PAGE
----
One year after announcing the Boeing 757 for MSFS, BlueBird Simulations answers the most frequent questions from simmers
Time flies! It’s with that finding that BlueBird Simulations is marking the 1st anniversary of the announcement of their Boeing 757 for Microsoft Flight Simulator. Not that there’s much to celebrate as the aircraft is still in development, but this date serves for the developer to talk more about this project and offer some answers to the most frequent questions that have been made over the last 12 months.
Through a new video available on its Youtube channel, BlueBird Simulations’ CEO Shervin Ahoo asserts the team’s satisfaction with the progress achieved over the last 12 months, despite knowing that there’s a lot of work left to do. Still, the team is confident that the 757 is still on track for a release later this year.
The video, which you can watch in full below, provides some very interesting answers about the product. We’ve summarised the whole thing after the clip for your convenience. Besides that, note the VNAN demonstration that kicks in at the 7:50 mark, which illustrates this mode with altitude constraints during the descent. It shows how the FMS manages the descent in case of an “at or below altitude” constraint on one of the descent waypoints.
BlueBird Simulations reaffirms that this project is still on track for this year’s Q3 or Q4, probably closer to the fourth quarter. Shervin says that once the team is confident of a release date, they will announce it to the public, but probably not until just a few weeks off the determined date.
Originally, when BlueBird announced this project, it was somewhat ambiguously said that the 757 for MSFS would be an aircraft with “mid-level complexity”. Knowing that this can mean different things for different simmers, BlueBird says that the best way to explain their goals is to say that they are focusing on “normal operations”, with a special focus on the flight management system. Shervin says they’ve spent a lot of time on the FMS and believe it’s very robust, with complex features like full VNAV and LNAV, among other great features.
BlueBird also states that other systems are being modeled in great detail… although some of them won’t be available in the initial release. A functional APU, pneumatic and electrical systems, among others, are planned to be included in the package, even if some will only be added after the initial release. BlueBird promises that the work on the Boeing 757 will not stop when it’s out, and users should expect continuous enhancements following the launch.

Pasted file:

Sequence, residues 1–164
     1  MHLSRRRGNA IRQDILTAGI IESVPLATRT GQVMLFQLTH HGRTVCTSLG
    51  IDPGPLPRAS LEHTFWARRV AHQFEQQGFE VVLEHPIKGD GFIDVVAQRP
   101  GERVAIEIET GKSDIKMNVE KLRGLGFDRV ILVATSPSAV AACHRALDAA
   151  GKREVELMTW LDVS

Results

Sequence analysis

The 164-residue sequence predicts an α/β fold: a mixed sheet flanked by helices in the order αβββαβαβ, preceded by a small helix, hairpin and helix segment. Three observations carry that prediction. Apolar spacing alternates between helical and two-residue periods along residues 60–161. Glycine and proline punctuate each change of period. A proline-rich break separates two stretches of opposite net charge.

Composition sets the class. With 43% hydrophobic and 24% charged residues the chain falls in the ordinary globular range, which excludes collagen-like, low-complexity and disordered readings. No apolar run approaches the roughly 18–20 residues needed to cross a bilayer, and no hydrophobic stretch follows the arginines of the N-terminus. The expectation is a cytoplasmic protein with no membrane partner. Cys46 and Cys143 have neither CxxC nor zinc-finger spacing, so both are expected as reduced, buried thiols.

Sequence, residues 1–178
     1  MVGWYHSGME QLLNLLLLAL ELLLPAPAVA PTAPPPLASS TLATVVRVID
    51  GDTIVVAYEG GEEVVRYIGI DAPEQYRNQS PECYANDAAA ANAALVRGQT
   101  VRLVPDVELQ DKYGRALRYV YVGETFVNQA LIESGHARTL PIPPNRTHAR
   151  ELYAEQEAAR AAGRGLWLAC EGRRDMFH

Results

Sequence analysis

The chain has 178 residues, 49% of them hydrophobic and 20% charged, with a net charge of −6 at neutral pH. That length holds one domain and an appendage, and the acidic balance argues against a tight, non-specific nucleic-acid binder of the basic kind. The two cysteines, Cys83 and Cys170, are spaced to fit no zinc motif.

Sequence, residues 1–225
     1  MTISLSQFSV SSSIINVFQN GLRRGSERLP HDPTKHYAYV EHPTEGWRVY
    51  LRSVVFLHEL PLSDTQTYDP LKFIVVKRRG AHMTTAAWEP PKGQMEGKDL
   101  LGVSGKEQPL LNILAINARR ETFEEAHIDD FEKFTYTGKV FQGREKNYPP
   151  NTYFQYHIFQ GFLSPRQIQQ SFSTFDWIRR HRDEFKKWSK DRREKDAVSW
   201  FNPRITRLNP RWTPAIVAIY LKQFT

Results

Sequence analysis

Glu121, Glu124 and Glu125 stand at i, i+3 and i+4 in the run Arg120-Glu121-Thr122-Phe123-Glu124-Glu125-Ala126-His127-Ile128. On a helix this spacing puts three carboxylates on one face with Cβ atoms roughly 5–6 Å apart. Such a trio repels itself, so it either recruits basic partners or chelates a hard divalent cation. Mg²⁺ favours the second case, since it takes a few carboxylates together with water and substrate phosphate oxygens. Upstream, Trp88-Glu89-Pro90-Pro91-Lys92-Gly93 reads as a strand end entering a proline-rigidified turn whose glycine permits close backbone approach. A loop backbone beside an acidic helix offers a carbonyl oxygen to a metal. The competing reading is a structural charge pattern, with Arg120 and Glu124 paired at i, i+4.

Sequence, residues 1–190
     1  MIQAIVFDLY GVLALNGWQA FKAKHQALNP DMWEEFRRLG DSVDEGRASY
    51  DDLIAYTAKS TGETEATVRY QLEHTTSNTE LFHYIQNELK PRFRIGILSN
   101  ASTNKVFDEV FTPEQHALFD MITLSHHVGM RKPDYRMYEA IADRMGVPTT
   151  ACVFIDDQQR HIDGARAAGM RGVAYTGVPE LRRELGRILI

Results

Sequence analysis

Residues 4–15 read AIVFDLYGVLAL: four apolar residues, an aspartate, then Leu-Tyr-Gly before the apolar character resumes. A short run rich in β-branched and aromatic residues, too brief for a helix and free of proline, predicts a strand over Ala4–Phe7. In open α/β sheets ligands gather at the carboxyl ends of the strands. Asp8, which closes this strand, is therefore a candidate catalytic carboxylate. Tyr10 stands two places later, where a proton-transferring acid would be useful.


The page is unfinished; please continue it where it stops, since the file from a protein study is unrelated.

For the initial release, BlueBird will have the passenger version of the 757, with both the 200 and the 300 Pratt & Whitney Rolls-Royce engines, with winglet and non-winglet variants. Scimitar winglets will not be included in the initial release, but may come later as a free update. A Cargo Expansion is also planned, but only a few months after the release of the passenger version.
There’s no exact information about pricing yet, but BlueBird details that there will be a base package, which is the Passenger version, to be followed a few months later by a paid Cargo expansion. This Cargo expansion will include some enhancements that will trickle down to the passenger version for free.
Following that, any updates and enhancements will be free, even for those with just the base package. The enhancements that are planned for some of the systems in the cargo variant will be included as a free update in the passenger variant.
A new cockpit
In the video, you will still see the current cockpit that BlueBird has for the 757. However, there is some important news on this front, because the team is actually working on a new version of the virtual cockpit that Shervin says is “absolutely incredible”. Thanks to the help of Mike from FlyByWire (who did that incredible video about the A380), BlueBird is now building a new cockpit that will hopefully satisfy those who’ve shared their negative opinions about what they’ve seen so far in the 757. Expect this to be previewed in a future development update.
In terms of cockpit versions, for the initial release, the BlueBird 757 will only have CRT displays. One of the upgrades that are planned for the Cargo Expansion are LCD displays for the primary and the navigation displays. As stated above, this upgrade will find its way back into the passenger version for free, even for simmers who don’t buy the cargo expansion.
The BlueBird 757 will indeed have a virtual cabin. The team hasn’t started working on it yet but promises to share some images of this feature once there’s been decent development progress.
Many have noticed that the preview videos shared by BlueBird so far have featured the default 747 sounds. However, Shervin assures that the final product will indeed include custom sounds recorded from a real airplane.
This has been a common question that has been answered before. While not on the initial release, the BlueBird 757 will come to the Xbox at some point.